The other day, while I was out back throwing the ball to Holly the Pup, I began thinking about invaders from outer space. Was it in reaction to the chaotic and paranoiac times in which we live, where we seem to have as many enemies within as we have without? Was it an imaginative reaction to sitting under a vast and empty sky and wondering what might happen if it were suddenly filled with spaceships? Was it because I watched way too many trashy science fiction films during my misspent youth? Certainly any of these could lay claim for inspiring me, but it may also been because I was bored to tears and wishing that something interesting would happen, even an alien invasion. To Holly, every throw of the ball is different, every unexpected bounce a surprise to be anticipated and celebrated, but to me every throw is the same, time after time after time. She can go on for two hours or more without becoming one whit jaded, but, for me, my concentration begins to waver after two minutes, or less.
When you sit down and analyze the nature of any alien invasion, you realize there are limited possibilities for the nature of the invaders. I'm not thinking of their forms or motivations but rather their relation to us. I came to the conclusion there are four basic possibilities:
- They are superior to us
- They are equal to us
- They are inferior to us
- They are unfathomable to us
The first aspect that pops to mind is technology, and the gut reaction of most people would be to assume an instant superiority to us. After all, they have space flight and we don't. They have to be superior to us, don't they? Not necessarily, and technology is only one aspect. The are other aspects of the invaders to take into consideration:
Take for example H.G. Wells' War of the Worlds, not the first alien invasion novel, but the most famous and influential. The Martians were definitely more advanced than the English of the period in terms of technology. They had weapons like heat rays, black smoke and disintegrators, while the British army had only rifles and artillery. However, the Martians were inferior to us biologically, the reason our germs could lay them low. In film adaptations of the book, especially the unwatchable Tom Cruise version, the technological gap has almost closed. In fact, I'd say that in the films the Martians were about equal to us except for the gimmick of the force field--take that away and their machines blow up like any other machine. And yet they remain biologically inferior.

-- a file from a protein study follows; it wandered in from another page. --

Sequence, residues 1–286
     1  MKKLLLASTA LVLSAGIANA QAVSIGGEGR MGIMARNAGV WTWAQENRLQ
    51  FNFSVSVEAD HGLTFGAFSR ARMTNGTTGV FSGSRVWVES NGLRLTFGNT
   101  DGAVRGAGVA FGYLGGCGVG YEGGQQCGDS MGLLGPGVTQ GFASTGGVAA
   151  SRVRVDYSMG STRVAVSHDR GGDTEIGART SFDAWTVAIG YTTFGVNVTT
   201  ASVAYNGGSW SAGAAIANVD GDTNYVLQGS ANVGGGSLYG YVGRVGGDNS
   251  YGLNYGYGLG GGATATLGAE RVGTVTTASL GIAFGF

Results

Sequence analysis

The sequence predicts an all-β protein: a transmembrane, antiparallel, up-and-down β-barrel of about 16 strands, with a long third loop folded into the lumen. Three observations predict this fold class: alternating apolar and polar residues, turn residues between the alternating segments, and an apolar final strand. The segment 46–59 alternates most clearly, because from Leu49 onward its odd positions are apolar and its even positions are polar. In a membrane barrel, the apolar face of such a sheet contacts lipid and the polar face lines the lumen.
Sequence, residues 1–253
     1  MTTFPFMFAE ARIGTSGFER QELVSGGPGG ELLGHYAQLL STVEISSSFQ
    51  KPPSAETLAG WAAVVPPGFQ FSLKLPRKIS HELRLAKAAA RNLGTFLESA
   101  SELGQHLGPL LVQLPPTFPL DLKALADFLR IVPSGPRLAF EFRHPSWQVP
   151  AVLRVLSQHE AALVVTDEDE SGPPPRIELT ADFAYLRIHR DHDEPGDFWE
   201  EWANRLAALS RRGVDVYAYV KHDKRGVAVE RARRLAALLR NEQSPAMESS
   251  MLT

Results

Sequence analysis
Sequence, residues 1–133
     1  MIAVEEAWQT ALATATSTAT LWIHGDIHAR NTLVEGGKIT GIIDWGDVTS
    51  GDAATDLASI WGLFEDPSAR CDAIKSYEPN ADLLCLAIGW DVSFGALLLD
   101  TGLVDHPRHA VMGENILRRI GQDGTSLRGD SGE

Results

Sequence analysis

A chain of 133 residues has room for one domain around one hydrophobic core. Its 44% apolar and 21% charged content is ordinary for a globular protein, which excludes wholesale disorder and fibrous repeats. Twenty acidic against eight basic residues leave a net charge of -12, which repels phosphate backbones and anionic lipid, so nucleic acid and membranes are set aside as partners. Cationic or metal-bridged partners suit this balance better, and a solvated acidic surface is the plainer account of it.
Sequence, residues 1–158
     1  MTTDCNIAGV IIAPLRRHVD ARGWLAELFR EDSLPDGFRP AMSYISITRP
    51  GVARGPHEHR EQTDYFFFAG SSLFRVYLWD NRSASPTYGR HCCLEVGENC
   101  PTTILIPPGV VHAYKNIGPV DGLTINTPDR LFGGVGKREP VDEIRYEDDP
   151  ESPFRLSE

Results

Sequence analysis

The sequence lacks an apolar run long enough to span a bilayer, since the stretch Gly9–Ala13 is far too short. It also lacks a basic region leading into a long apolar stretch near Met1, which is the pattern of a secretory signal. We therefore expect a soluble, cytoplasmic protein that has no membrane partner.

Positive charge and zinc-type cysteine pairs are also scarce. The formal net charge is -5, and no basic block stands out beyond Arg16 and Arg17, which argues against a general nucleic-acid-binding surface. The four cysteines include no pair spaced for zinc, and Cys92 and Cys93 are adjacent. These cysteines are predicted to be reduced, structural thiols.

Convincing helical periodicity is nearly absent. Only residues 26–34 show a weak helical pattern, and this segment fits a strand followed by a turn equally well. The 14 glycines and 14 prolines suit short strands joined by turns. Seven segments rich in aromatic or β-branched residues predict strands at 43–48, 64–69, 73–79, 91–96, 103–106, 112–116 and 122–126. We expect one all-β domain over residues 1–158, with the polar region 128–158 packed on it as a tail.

In John Wyndham's Day of the Triffids, there is no technology with which to contend. There, the ambulatory plants have the advantage of biology and society. They are not heirs to the weaknesses of the flesh, nor are they burdened by conflicting social impulses. Their societal imperative, such as they could be said to have one, is clear--dominate and feed.
The aliens of Arthur C. Clarke's Childhood's End appear to have technology so far ahead of ours as to seem like magic.They can make the spectators at a bullfight feel the pain of the bull and cause the sun appear not to shine in a specified area. They seem superior to us on all counts, even in the area of ethics and morality, which, of course, is the point of the book. However, we retain a biological superiority because the aliens are unable to make the evolutionary leap that is our destiny, though they can shepherd us toward it.
In The Midwich Cuckoos, again by Wyndham, we have aliens about which we can only guess. Are they technologically superior? We don't know because we never see evidence of actual technology. The same applies to society and biology, though we can at least assume there is superiority of some sort, if only because they can make a village go to sleep, protect it with some kind of dampening field and make every woman in the village wake up pregnant. Ethically? Who knows? We often perform experiments of "lesser creatures" and we consider ourselves moral and ethical beings. So why not them?
A few words about cinematic efforts at depicting alien invasions. Usually, we're treated to spectacular special efforts designed to make us think the invaders are technologically advanced--giant ships, exploding buildings, disintegrating people, etc. In reality, though, most of the invaders are about equal to us. That was the case with the aforementioned War of the Worlds films and is true also in such efforts as Independence Day and Battleship. Take away the force field gimmick and all their spaceships go boom. In Battle: Los Angeles, we just shoot the aliens. The examples of aliens truly technologically advanced is are as rare as technologically inferior aliens. While backwards aliens have appeared in print from time to time, I can only think of the Pakleds ("We go. We go fast.") from Star Trek as an example of "simple aliens" on the screen.
Will an alien invasion ever really happen? If we truly live in a universe of infinite possibilities, then the answer must be yes. No one knows what form it may take, but the odds of it being like anything you have read about or seen in the cinema or on television are low. Our imagination always falters when faced with the immensity of the unknown. Nor does anyone know if it will happen before or after the Zombie Apocalypse...yeah, at least we know that's coming.